Money managers often talk about balancing portfolios. I collect watches with a similar logic: once aesthetics and romance are put to one side, the money has to work and with hedge funds taking a closer eye on physical assets and continued record-breaking prices emerging for vintage watches, now is a smart time to turn that hobby into a pension.
Patek Philippe is blue chip; it’s an inflation hedge and if you invest in the classics (by which I mean the Philippe Stern watches) it has a steady yield. Watches such as Ref. 5970, 5070 and 5004 I suspect will continue to deliver that four to five per cent a year return when purchased in good condition with original box and certificate.
Supply of such pieces is already tight and if you fancy yourself as the next George Soros with Paul Tudor Jones pockets, then pieces such as Ref. 5004 (in stainless steel) or Ref. 5074 are an exciting long-term acquisition. For those adrenalin junkies who gorge themselves on risk and sleepless nights, Paul Newman Daytona is perhaps the ultimate investment. It’s the hardest watch to appraise given the numerous theories on its dials and references, and within it lies what I believe is the biggest potential for growth in the market in watches, especially those with rare yellow gold. Paul Newman’s watch and a vintage Rolex are each unique assets in their own right. So where is the middle ground, the watch equivalent of a stock with decent dividend and long-term growth?
The Rolex Daytona Ref. 6263/6265 could be just the answer. In a similar vein is the Patek Philippe Ref. 5070. Both watches exist at a price point that is within the relative realms of affordability; though they have both been discontinued, they are recognized as two of the most desirable watches from perhaps the two most coveted brands.
With Ref. 5070 we find Patek’s largest case to date (42 mm) in all metals and inspired by the incredibly rare Ref. 2512 aviator’s split-second chronograph of the 1950s. With its manual-winding lemania based 27-70 movement, it’s recognized globally as the iconic modern Patek Chronograph. Quite simply, the purity of its design has not been topped. The presence of the Patek archive also adds the reassurance that the watch you are buying has not been plagiarised with dial changes that afflict many vintage Rolex watches.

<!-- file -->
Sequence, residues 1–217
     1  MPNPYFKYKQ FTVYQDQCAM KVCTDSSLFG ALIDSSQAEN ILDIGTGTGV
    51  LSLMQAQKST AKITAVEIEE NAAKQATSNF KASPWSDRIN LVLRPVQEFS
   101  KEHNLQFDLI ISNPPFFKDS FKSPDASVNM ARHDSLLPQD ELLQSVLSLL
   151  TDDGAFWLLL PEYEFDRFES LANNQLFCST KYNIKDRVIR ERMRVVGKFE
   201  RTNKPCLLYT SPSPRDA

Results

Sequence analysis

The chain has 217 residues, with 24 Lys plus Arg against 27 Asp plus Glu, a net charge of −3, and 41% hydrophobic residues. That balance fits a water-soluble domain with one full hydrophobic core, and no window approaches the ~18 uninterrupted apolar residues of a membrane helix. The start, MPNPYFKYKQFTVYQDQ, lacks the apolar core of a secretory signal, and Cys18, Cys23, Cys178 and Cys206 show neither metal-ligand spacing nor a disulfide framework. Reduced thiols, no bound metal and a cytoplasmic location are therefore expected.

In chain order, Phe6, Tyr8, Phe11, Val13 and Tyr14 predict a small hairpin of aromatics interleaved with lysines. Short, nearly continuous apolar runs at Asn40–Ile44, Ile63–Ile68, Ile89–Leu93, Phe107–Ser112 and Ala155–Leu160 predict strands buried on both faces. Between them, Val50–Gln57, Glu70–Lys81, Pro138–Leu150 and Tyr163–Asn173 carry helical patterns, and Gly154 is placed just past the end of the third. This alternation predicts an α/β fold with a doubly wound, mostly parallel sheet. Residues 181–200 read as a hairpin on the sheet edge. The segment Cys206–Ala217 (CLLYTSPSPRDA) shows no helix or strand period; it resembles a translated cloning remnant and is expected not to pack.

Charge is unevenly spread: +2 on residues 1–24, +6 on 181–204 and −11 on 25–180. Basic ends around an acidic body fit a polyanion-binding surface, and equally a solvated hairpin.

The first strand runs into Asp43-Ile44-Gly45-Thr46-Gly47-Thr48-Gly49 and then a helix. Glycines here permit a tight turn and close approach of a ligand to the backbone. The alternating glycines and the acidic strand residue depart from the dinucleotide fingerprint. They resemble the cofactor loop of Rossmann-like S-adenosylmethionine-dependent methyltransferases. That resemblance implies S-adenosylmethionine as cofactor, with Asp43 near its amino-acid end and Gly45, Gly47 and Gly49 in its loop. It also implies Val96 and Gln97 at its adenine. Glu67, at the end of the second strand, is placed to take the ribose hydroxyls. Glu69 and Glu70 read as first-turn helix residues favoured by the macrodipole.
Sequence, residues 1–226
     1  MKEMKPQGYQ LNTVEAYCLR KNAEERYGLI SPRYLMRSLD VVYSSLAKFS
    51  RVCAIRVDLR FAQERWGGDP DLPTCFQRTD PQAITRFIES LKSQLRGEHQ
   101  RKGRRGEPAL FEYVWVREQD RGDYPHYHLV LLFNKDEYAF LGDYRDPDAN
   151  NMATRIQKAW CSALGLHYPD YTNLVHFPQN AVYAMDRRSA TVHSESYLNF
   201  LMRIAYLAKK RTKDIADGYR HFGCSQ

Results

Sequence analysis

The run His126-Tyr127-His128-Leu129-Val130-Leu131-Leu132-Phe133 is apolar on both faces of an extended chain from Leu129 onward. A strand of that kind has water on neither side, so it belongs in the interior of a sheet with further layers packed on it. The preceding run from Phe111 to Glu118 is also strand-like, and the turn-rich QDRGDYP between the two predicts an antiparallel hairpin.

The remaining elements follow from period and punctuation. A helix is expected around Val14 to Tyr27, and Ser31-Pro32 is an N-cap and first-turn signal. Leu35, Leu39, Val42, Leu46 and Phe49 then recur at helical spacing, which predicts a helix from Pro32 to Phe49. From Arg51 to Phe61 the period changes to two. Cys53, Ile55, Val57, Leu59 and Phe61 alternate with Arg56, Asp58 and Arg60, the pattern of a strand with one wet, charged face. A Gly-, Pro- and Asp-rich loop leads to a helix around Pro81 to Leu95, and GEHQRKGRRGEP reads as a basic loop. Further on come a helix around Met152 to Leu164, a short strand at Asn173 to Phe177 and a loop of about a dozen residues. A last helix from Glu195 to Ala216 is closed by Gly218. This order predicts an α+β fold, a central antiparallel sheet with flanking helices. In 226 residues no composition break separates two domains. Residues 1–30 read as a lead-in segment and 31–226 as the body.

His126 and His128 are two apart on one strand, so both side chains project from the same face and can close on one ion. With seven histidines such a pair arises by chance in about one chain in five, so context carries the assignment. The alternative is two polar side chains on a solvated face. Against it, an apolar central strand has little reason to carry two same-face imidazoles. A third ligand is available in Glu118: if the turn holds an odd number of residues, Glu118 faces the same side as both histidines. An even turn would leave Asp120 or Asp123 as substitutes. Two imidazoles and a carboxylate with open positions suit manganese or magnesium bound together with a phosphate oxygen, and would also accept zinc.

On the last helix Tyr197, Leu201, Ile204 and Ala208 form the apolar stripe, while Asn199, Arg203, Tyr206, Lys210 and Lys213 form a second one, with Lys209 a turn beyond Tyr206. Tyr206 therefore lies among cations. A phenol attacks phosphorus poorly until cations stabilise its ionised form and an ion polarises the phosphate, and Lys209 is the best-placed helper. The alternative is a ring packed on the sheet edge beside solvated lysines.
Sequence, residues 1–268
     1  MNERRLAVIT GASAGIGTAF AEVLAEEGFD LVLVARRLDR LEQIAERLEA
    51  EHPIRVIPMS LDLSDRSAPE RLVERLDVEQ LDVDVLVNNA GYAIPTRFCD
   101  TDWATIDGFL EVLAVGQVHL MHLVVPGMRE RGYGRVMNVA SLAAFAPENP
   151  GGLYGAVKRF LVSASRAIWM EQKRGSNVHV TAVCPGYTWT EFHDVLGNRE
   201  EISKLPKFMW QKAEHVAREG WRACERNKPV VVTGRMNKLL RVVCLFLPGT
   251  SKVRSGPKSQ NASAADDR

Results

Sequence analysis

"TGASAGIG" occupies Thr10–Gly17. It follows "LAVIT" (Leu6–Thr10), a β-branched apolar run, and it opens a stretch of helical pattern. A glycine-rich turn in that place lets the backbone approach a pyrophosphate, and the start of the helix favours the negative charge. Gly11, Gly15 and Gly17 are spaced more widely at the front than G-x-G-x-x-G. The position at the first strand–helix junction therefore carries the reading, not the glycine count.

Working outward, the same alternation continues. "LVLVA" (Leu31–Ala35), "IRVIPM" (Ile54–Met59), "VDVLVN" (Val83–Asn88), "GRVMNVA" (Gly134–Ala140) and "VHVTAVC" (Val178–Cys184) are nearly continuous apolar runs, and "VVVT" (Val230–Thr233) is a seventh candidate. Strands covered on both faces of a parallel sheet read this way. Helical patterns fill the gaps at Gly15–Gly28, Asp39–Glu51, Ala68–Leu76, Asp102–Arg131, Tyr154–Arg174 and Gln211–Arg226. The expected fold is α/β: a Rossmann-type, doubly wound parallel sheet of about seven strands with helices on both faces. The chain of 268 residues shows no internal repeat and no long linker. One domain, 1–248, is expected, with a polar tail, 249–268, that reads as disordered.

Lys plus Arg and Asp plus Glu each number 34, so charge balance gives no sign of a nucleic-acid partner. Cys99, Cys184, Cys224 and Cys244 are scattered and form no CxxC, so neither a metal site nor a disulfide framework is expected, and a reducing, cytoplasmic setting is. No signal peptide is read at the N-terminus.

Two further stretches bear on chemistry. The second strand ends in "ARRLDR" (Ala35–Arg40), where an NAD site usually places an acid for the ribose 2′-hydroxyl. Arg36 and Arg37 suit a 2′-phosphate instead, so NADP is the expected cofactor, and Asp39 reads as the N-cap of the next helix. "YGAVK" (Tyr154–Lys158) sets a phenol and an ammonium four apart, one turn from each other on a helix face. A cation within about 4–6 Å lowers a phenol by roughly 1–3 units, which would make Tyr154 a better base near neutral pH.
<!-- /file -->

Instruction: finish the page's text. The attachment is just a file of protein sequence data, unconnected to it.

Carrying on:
Ref. 6263/6265 have recently benefited from a number of important factors. The hugely successful Lesson One sale has defined the Daytona as the vintage Rolex for investment and the kudos of many high profile owners from the world of fashion and screen has added to their desirability and global appeal. Here is a watch that is a brand within a brand, characterized by a beautiful dial within a rugged and useable case. Finding good watches is however becoming increasingly difficult (especially for the Ref. 6263) and prices for such pieces are gravitating higher as supply from traditional markets such as Italy diminishes. As the price of Paul Newman pieces continues to rise ever closer to $150,000, the regular or “non-exotic” dial Ref. 6263/6265 at $60,000 loses real value. Consider that one Paul Newman Ref. 6263/6239 RCO famously fetched a magic $1 million, and that value looks even more appealing. Here is a great watch that defines what the Daytona stands for, fitted with a superb Valjoux calibre and the ability to provide good growth on your investments.
A portfolio needs a balance and betting consistently on the underdog is a challenging ride. These two timepieces from two great manufacturers provide the ideal ba-lance between risk and reward.
Jimmy Cosmo is a thirty-something money manager. He’s collected cars and watches (both vintage and modern) for more than 15 years. He started collecting limited-edition watches from the age of 8 and his passion grew with his appreciation for great brands such as Rolex and Patek Philippe. Follow Jimmy Cosmo on Instagram at @jimmycosmo.